The large dry plain of Campo de Cartagena has turned, little by little, into a vast irrigated land. The traditional landscape that surrounds the house, a plain covered by a thin crust of limestone, already showed signs of change in the very first stages of the commission: a machine systematically perforated the layer, destroying it, and set down the remaining fragments in small piles scattered on the terrain.
The design of a house for a large family – ten children and frequent guests – has been carried out bearing in mind the conservative mentality of its owners. The final program is the result of a careful research into the constructions of the area, characterized by one all-present type: houses with a single long bay, north-south orientation, one level and the annexes wrapped around closed courtyards.
The combination of these premises originated a house of linear development, formed by two parallel slabs – a single one of origin –, with one displaced with respect to the other. A corridor moves through the houses crossing it from east to west, leading to the bedrooms of the children in the southern bay, where they also enjoy their own storeroom and living room, and to the kitchen, dining, living and the main bedroom on the northern bay. The displacement of both bays leaves two semi-exterior areas which the dwelling seizes: the area of entrance towards the south, and a courtyard – to which the kitchen and corridor open – in the cooler area.
A simple structure of reinforced concrete porticoes repeats itself with a four-meter module along the full length of the two slabs. The exterior facade incorporates, on the extrados of the brick masonry, the calcareous stones that pile up on the surrounding grounds. The size of the windows varies depending on the function of the areas they serve, and are protected from the exterior – for safety reasons and also to isolate the rooms from the intense Mediterranean sun – with elements of perforated sheet. The mortar surround, appropriate to the area and painted white, was built larger than usual, so that it runs along the four facades of the house. When it reaches the entrance it disappears from the wall surface leading to what appears to be an access porch, while around the openings, its width links the slab with the wall plate, in an interplay of lines which establishes a contrast with the uneven stone walls and weaves a mesh of textures and colors... [+]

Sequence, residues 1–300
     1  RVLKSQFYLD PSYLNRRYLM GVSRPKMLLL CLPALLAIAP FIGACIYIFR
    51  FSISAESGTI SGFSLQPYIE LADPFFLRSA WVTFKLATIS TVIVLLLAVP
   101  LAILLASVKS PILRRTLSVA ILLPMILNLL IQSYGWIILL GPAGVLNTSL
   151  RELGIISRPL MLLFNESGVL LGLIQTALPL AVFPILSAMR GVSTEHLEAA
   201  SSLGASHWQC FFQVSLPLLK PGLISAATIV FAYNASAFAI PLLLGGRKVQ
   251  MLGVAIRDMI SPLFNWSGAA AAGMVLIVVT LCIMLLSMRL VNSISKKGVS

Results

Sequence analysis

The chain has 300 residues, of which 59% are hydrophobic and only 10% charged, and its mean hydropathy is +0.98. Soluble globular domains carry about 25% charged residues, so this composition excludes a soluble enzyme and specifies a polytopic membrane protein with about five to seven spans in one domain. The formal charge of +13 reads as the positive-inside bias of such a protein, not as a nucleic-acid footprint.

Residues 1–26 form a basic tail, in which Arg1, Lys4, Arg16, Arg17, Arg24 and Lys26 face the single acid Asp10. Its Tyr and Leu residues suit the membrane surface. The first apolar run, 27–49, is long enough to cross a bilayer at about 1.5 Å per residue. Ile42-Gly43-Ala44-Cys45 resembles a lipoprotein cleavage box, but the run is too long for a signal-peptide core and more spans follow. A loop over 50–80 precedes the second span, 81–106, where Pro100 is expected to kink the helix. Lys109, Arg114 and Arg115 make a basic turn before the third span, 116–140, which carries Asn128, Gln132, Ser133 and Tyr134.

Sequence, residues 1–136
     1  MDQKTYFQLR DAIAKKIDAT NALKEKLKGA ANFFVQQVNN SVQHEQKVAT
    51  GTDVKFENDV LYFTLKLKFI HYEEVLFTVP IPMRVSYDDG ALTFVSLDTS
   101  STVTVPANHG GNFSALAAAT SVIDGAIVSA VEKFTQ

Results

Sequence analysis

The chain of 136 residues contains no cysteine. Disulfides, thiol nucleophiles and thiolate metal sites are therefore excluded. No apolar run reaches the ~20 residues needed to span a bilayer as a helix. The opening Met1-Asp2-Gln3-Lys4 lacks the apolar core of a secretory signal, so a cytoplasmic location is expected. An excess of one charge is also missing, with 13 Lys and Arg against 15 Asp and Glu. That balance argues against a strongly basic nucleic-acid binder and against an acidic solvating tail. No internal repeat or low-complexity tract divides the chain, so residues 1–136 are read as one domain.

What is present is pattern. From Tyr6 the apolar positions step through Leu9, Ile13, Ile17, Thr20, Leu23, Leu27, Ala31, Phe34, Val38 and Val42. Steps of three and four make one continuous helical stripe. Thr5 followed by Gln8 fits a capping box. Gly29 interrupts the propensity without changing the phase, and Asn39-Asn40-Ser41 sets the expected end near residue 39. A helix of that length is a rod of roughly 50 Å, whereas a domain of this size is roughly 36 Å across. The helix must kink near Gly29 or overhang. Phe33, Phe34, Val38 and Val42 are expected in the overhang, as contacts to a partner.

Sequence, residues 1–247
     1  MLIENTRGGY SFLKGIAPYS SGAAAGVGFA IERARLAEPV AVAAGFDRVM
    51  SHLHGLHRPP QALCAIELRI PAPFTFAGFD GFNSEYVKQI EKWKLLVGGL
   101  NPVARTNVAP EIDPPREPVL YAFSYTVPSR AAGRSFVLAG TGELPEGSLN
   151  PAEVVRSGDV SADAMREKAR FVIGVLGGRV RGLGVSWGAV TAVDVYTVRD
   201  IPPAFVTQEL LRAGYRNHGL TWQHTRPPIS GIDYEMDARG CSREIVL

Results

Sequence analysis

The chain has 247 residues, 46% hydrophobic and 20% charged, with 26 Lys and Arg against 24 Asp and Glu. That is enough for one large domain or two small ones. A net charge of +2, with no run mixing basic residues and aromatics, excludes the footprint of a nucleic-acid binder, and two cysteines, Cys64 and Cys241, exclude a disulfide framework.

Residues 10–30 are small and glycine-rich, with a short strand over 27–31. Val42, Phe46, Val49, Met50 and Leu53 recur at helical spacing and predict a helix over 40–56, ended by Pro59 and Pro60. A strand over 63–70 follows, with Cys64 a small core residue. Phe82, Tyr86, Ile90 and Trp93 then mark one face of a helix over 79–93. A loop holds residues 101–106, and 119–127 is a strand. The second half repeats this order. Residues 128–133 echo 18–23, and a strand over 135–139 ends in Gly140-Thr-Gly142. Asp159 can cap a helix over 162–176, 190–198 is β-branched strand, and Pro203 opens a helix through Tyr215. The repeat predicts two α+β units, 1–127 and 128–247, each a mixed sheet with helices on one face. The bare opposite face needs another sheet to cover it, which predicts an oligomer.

Julio Fernández Romero
Juan Antonio Sánchez Morales, Carlos Jurado Fernández